Worse than the fate of NSW Labor on Saturday has been the spate of Raymond Chandler parodising, most of which has been more of a travesty than the past 16 years of NSW Labor. So here in the interests of sanity is the last word on the long goodbye:

Pastiche Is My Business | by Corris Maloney

I was wearing a crumpled powder-blue Target suit, a lemon-yellow short-sleeve button-down shirt and tan slacks with a fine spray of shake-out stains. I looked like 46 dollars in change. I was calling on 33 per cent, two-party preferred. Three hours earlier I’d walked in on my boss, with a blonde, and he’d given me an assignment to get rid of me.

“Hey Goulash! Happyslappy!”

“That’s Saluzhinsky.”

“Whatever — multiculturalism has failed, starting with your name. Got a job. It’s a dame.”

“It’s always a dame. What’s her angle?”

“Thinks she’s premier.”

“why?”

“Apparently it was her turn. Says she was set up. Go and check it out.”

Took a while but I found her in Ryde. Four guys had piled her into a car and left her there. Some routine they called campaigning. Great town, Sydney. She didn’t want to press charges.

She was a blonde, a blonde who could make Bronwyn Bishop kick a hole in the glass ceiling. Strong men saw her and thought of Essential polling. Weak men thought of their prostate and then something else.

“You’re Halleberry?”

“Saluzinsky Ryde.”

“Christ. Bradman died for nothing. OK Goulash here’s the deal. Someone’s set me up. They’re killing me from the inside. Ya gotta help me.”

“Listen, I’m a dick — ”

“I know, I’ve read your opinion pieces.”

“No I mean a gumshoe. You want a verdict on NSW Labor, call a coroner. Or a medium.”

“Oh Goulash,” she grabbed me by my pocket protector and leaned in close. Her eyes were wider than her 2PP margin. Her black lashes batted so furiously they could have played for anyone but Australia. It was a face that could drive men to crazy things, like preselection.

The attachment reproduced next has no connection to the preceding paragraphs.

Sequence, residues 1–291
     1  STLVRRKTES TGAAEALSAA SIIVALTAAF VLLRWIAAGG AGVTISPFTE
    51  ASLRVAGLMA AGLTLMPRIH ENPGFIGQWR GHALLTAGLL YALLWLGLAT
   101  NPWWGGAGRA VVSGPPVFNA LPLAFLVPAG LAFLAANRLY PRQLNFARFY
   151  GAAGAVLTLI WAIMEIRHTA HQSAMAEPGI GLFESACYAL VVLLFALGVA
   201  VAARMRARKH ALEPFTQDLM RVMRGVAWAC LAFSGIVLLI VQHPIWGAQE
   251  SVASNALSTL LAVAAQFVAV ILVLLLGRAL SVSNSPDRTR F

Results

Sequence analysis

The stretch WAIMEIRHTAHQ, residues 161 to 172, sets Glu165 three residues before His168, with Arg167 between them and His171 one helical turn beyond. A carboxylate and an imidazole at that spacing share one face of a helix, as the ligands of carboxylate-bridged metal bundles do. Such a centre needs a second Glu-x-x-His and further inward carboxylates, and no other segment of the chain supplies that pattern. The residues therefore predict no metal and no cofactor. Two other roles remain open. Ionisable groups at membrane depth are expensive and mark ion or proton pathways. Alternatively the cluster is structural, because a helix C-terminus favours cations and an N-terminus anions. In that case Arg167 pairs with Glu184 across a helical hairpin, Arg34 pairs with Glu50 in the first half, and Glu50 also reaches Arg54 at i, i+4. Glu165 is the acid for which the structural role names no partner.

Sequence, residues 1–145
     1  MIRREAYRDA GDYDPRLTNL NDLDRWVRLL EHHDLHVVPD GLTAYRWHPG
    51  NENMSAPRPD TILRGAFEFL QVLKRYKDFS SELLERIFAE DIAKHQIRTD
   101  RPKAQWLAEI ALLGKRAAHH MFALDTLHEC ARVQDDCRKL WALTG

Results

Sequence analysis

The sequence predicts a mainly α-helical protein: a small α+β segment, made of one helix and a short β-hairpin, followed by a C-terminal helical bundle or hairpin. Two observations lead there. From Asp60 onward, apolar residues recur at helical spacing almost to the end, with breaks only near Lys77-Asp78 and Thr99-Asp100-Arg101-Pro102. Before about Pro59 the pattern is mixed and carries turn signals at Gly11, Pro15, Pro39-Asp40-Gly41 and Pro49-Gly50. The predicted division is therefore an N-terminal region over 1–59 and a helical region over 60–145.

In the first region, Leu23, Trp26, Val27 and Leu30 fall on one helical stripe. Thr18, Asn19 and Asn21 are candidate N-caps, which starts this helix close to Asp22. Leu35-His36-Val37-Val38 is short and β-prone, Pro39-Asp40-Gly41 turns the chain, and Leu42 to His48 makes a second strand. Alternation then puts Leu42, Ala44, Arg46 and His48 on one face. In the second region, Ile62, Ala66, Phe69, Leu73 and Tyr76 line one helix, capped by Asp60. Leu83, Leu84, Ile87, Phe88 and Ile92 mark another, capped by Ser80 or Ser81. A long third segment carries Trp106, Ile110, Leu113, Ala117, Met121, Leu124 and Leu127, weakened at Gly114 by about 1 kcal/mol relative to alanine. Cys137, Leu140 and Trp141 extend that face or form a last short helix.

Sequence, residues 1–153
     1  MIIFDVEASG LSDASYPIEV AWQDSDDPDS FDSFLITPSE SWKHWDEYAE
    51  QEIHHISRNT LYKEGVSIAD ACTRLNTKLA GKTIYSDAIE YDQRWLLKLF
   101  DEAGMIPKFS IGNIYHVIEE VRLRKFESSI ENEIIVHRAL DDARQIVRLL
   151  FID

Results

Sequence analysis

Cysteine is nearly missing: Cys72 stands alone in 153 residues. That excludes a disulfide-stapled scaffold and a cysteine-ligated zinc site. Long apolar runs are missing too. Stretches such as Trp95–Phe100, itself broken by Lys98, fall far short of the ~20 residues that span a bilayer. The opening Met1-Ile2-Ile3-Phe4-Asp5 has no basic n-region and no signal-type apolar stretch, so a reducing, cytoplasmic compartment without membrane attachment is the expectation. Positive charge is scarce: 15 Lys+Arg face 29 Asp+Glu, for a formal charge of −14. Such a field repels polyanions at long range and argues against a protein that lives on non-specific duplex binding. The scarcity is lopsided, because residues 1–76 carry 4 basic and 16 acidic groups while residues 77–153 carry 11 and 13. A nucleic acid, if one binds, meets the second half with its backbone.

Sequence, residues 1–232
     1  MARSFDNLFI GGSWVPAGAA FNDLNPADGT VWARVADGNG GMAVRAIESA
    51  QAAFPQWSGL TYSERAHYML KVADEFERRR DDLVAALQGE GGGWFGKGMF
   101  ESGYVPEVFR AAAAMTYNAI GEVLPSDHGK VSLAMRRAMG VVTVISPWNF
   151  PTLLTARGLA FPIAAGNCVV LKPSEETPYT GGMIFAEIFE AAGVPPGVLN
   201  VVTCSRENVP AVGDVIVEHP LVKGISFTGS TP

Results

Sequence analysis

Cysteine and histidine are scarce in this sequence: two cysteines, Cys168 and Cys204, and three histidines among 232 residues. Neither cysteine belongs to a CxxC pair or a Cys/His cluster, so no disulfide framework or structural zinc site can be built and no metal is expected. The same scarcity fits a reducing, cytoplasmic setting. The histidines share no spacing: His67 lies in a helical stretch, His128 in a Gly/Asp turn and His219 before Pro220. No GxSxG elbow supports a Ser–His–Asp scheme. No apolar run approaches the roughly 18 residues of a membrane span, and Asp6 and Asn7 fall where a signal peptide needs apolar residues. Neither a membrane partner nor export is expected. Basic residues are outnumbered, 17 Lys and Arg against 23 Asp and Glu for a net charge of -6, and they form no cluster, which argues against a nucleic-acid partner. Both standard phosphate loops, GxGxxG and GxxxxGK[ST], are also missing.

“If I don’t get 14 per cent by Saturday I’m deader than Australian cinema. You’re the only one that can save me, you average size balding slice of highly seasoned meat. Ya gotta help me!”

***

That was two days ago. Since then she’d vanished without trace. She was either sleeping with the Bondi bugs or presenting the news on ABC2. I was going to do whatever it takes to find out, short of for watching the news on ABC2.

I went to Sussex Street. Someone had to. It was like a morgue where the corpses hadn’t been told the bad news. It was to organ donation what free range was to eggs. It was a room where almost anything could happen except something that works. People kept going out for a Chinese, and ending up in the front window of Barbecue King, with a hook through their foot. And so on. There was a kid I knew, 400 pounds, comb over, herpes sore with its own electorate. I called him over by his party nickname.

“Hey pretty boy.”

He tried to get away, but he was all flop-sweat and Resch’s. I introduced him to the hard right a few times, and he cried like an Australian Democrat.

“Where is she, whitebait? Where’s the dame?”

“She iced herself, Goulash. Here’s the suicide note.”

“This is the NSW Labor 2011 campaign launch press release.”

“Potato potatoh.”

I played with his boundaries a little.

“I’m a Labor strategist. I don’t know nuthin’.”

“Quit the tautology, counter-lunch, and tell me what I need to know.”

“OK OK! Try Rees.”

“Who?”

“Nathan Rees … N-A-T-H-A-N Rees. Premier of NSW.”

“Never heard of him.”

***